John Donne is my very favorite poet of all time ever– he’s soooo my favorite that I don’t even think to include him in my list of favorites. Like, “I like e. e. cummings and Gerard Manley Hopkins– and of course John Donne and Shakespeare, because who doesn’t like them?” Of course, plenty of people don’t like his work, but those are people I choose to forgive. All of this is to say, I can’t believe I’ve never posted about Donne before. Time to fix that.
If reading poetry intimidates you, here’s a brief reminder of how to read a poem (it is not as easy as one might think) and have it make sense: 1. Read it three times, once out loud. 2. Look for ideas, especially contrasts, paradoxes, turns, and comparisons, and don’t get stuck on individual words (yet). 3. It can be helpful to try to find the building blocks common to sentences: subject (who’s doing a thing), verb (what is she doing?), and object (to whom is she doing it?). Not always, but usually. 4. After you get the overall feel, look up the words you’re unfamiliar with. Then read the poem again, out loud, with this in mind. Like any skill, reading poetry gets easier with practice. I know I say all of this every year. It’s just that I really love poetry, and I didn’t always, and I want everybody to be able to enjoy poetry as well.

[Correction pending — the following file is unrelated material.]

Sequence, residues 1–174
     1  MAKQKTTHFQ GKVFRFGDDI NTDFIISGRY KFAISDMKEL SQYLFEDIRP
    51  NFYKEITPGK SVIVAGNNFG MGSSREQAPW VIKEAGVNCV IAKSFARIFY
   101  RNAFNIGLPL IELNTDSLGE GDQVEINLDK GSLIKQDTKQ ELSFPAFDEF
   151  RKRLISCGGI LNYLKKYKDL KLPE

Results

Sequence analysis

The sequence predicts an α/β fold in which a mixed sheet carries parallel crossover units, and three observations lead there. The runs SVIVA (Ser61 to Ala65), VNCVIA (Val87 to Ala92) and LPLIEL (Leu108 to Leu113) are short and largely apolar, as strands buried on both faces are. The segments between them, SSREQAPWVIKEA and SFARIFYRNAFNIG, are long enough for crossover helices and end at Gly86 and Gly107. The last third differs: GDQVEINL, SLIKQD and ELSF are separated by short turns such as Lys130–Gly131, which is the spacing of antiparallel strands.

And now, Donne:
The Soul to Her Rescuer
Batter my heart, three-personed God; for, you
As yet but knock, breathe, shine, and seek to mend;
That I may rise, and stand, o’erthrow me, and bend
Your force, to break, blow, burn, and make me new.
I, like an usurped town, to another due,
Labour to admit you, but oh, to no end,
Reason your viceroy in me, me should defend,
But is captived, and proves weak or untrue,
Yet dearly I love you, and would be love fain,
But am betrothed unto your enemy,
Divorce me, untie, or break that knot again,
Take me to you, imprison me, for I
Except you you enthral me, never shall be free,
Nor ever chaste, except you ravish me.
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